South African Airways (SAA) board chairperson Dudu Myeni’s application to have a compliance notice against her, issued by the Companies and Intellectual Properties Commission, set aside was dismissed with costs by the Companies Tribunal on Thursday.
“The respondent [Companies and Intellectual Property Commission] issued the compliance notice to the applicant [Myeni] on November 28, 2016. The applicant complied with the compliance notice and, under protest, requested the respondent to issue a compliance certificate, which it did on January 25, 2017,” Peter Veldhuizen of the tribunal’s presiding panel said, presenting the decision at a media briefing in Pretoria.
Veldhuizen said a compliance notice remained in full force until a compliance certificate was issued. Once a compliance certificate was issued, the tribunal said it no longer had jurisdiction on the matter.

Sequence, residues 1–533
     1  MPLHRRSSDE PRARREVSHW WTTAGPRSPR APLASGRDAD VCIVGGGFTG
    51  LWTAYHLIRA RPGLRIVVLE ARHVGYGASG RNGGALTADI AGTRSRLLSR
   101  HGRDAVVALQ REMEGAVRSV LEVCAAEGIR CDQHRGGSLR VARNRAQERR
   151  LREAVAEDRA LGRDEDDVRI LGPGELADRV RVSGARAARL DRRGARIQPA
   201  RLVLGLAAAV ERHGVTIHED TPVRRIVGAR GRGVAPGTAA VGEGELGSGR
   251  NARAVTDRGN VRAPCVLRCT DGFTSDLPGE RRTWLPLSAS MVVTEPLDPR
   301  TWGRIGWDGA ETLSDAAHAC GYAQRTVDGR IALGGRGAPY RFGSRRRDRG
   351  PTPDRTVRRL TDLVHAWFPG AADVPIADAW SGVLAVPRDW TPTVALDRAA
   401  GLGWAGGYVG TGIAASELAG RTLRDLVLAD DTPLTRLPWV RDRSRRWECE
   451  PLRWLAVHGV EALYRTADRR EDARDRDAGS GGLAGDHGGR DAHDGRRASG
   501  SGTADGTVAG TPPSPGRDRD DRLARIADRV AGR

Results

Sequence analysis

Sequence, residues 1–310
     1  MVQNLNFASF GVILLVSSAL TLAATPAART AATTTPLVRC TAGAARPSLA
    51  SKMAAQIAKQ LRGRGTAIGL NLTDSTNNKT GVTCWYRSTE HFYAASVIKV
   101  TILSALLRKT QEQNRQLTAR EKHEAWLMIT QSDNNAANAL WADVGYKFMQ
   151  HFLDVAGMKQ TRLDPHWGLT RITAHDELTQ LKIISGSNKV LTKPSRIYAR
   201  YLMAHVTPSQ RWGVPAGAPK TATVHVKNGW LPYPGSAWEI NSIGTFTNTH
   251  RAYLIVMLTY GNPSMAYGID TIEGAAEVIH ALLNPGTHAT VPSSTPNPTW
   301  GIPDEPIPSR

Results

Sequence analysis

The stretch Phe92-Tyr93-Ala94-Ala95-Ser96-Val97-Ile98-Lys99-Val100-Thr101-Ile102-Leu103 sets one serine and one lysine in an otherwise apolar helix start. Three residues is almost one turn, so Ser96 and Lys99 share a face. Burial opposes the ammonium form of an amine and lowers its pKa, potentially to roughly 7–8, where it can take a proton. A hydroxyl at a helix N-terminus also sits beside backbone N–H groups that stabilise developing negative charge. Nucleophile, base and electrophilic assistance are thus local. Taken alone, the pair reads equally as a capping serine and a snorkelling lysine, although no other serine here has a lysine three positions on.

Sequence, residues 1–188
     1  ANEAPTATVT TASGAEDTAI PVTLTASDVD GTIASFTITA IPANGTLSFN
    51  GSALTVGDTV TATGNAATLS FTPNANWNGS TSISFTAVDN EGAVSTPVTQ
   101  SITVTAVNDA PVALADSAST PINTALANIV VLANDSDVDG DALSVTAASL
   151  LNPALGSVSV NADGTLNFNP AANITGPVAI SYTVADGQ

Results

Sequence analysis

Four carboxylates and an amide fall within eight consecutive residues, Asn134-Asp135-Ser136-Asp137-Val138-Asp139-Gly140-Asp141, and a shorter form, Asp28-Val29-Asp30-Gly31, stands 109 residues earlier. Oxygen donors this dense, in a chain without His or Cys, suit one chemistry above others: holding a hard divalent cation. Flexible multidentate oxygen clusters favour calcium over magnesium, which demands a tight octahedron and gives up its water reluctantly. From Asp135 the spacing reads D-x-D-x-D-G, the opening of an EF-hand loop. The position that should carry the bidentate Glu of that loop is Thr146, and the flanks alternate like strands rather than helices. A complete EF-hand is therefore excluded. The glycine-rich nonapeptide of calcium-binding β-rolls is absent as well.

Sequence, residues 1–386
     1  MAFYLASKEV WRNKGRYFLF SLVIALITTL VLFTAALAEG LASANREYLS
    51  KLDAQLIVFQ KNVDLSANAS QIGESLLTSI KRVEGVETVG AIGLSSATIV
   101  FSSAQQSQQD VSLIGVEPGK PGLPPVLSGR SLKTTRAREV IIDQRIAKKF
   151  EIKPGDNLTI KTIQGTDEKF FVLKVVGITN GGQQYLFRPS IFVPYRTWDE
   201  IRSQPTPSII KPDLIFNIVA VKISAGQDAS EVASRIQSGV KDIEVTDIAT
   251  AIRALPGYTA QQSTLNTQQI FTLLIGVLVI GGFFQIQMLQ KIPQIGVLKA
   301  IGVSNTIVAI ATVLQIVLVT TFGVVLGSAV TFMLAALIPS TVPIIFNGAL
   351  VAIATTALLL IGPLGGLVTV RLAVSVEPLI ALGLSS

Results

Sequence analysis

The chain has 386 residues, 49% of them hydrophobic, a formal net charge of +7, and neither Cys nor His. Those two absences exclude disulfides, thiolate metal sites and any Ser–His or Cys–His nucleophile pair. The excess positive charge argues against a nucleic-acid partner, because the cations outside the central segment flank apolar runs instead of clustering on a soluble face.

“The tribunal has no power to review and set aside a compliance certificate and any attempt to do so would be ultra vires [beyond one’s legal power or authority] its powers derived from the [Companies] Act. This is so, despite the nature of the circumstances under which the compliance certificate was issued – including when the compliance certificate was issued under protest or where there are grounds to impugn the preceding compliance notice,” Veldhuizen read out the findings.
“The decision is therefore that the application for the review of the compliance certificate is dismissed, with costs. That is the decision of the full panel of the Companies Tribunal.”
In seeking the review, Myeni argued that she had mistakenly misrepresented information to the then minister of public enterprises, Malusi Gigaba, in the transaction relating to a lucrative aircraft deal in 2013.
Myeni is accused of misrepresenting a board decision about the multimillion-rand deal to lease 10 Airbus aircraft for SAA. In 2013, Myeni reported to Gigaba that the board had decided to lease two new planes, when the board had, in fact, decided to lease 10 aircraft.
She was subsequently served with the compliance notice by the CIPC after it was found that her “misrepresentation” was in contravention of the Companies Act, because she had “acted in a manner materially inconsistent with the duties of a director”.